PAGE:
Most households already know the importance of having a first-aid kit or at least a designated area for storing medicines and medical equipment. However, it’s just as important to keep the family’s first-aid kit well-stocked for emergency situations. Aside from items like band-aids and safety pins, a good first-aid kit must have medicines for alleviating the symptoms of common ailments.
Must-have medications include prescription medicines, which address specific conditions that family members may have, and over-the-counter (OTC) medicines which provide general relief for aches and pains.
These first-aid medicines can either be a temporary form of treatment or your only source of relief, so they should never be overlooked when putting together the family’s life-saving health kit. These OTC medicines are sold in most drugstores, so it’s generally easy to find and buy online medicine for short-term relief.
To help you decide on your purchases, here are some of the essential medicines that must be present in every household’s first-aid kit.
From migraines to menstrual cramps, pain relievers can manage many possible ailments. Pain relievers work by preventing your damaged or injured cells from releasing prostaglandin, a chemical that signals pain to your brain. Common pain relievers include aspirin, acetaminophen, and ibuprofen.
These types of medicines can also be used to reduce fevers. Aspirin and ibuprofen are nonsteroidal anti-inflammatory drugs (NSAIDs), which relieve symptoms associated with pain and discomfort while down with a fever, cold, or flu. These symptoms include headache, chills, body aches, and sore throat.
Gastrointestinal (GI) issues are quite common, so it would be wise to have stomach medicines in case a family member experiences indigestion, heartburn, acid reflux, or an upset stomach. Antacids are typically used to treat heartburn, but it’s best to check with your doctor first since there several types of OTC antacids for treating the ailment.
Proton pump inhibitors (PPIs) can also treat persistent stomach issues, including ulcers and excessive stomach acid. Essentially, PPIs make your stomach less acidic by blocking the pumps within your cells that secrete acid. Your doctor may recommend PPIs if you suffer from gastritis, peptic ulcers, and other issues in your GI tract. Other medicines for stomach problems include histamine2 blockers (H2 blockers) and promotility agents.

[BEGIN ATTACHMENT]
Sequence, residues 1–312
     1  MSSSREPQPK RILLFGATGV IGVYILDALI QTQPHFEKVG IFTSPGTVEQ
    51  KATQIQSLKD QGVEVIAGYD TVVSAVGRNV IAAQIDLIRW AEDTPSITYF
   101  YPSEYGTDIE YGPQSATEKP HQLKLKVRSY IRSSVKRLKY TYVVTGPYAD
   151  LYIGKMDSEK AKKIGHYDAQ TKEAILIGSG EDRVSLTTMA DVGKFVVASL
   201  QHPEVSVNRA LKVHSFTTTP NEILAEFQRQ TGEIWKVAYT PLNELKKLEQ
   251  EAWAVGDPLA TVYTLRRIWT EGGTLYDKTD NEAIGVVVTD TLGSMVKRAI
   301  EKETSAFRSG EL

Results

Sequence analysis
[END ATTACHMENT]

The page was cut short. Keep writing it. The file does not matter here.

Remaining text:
Generally, you should take antidiarrheal medicines as prescribed by your doctor. Diarrhea usually goes away on its own after a couple of days, so you wouldn’t need medication to treat it in most cases. Still, it would help to have medicines like loperamide around. In case of constipation, you can take laxatives like bisacodyl, sennosides, or sodium picosulfate.
Antihistamines are vital drugs for combating the symptoms of an allergic reaction. When your body detects infections or anything foreign and harmful, it releases histamine which causes your skin to swell and your blood vessels to widen.
Antihistamines such as diphenhydramine can help with mild allergy symptoms, but they also make you feel drowsy since they block histamine’s effects on wakefulness. However, there are antihistamines that don’t have sleep-inducing effects. These include cetirizine, loratadine, and fexofenadine. Some antihistamines can also be used to treat motion sickness and dizziness, but it’s best to consult your doctor before taking them, especially if you need to drive.
Cough and Cold Medicines
Coughs and colds are not usually a cause for concern, especially if you follow best practices such as getting lots of rest, eating healthy foods, washing your hands, and avoiding close contact with others. Still, you can incorporate these medicines into your kit to relieve discomfort caused by these ailments. These medications include decongestants, cough suppressants, and saline nasal sprays. Decongestants, in particular, can help with allergic rhinitis since they constrict the blood vessels found in your nose. Once the swollen tissue shrinks, air can pass through your nasal canal more freely.
Antibiotic Ointments and Creams
Even if you think it’s just a scratch, a minor cut can still open the door to potentially harmful infections. Triple antibiotic ointments (TAO) like bacitracin, neomycin, and polymixin B prevent infections by slowing down or totally stopping bacteria growth. They also activate the natural substances in your skin to reduce itchiness, redness, and swelling. TAOs are best applied after cleaning shallow cuts or wounds, and are less effective for serious injuries like animal bites and wounds that require stitches.
Another type of ointment is steroid creams, which are used to manage inflammation due to skin conditions like eczema and psoriasis. Hydrocortisone creams, which are used to relieve itchiness due to insect bites, fall under the category of steroid creams.
Have the Essentials in Hand, But Use Them Wisely
With all these in mind, it’s also important to remember that your first-aid medicines must be properly stored, handled, and used. For one, medicines must be kept out of reach of children and stored in a cool, dry area. It’s also crucial to check the expiration dates of your medicines at home and dispose of them once they have surpassed their shelf life. And lastly, it would be ideal to talk with your doctor before taking these medicines, especially if you have a pre-existing condition or need to take other prescribed medicines regularly.
Major and minor health emergencies can happen anytime, so it’s best to have the essentials ready to quickly resolve issues and move past those disruptive sick days.
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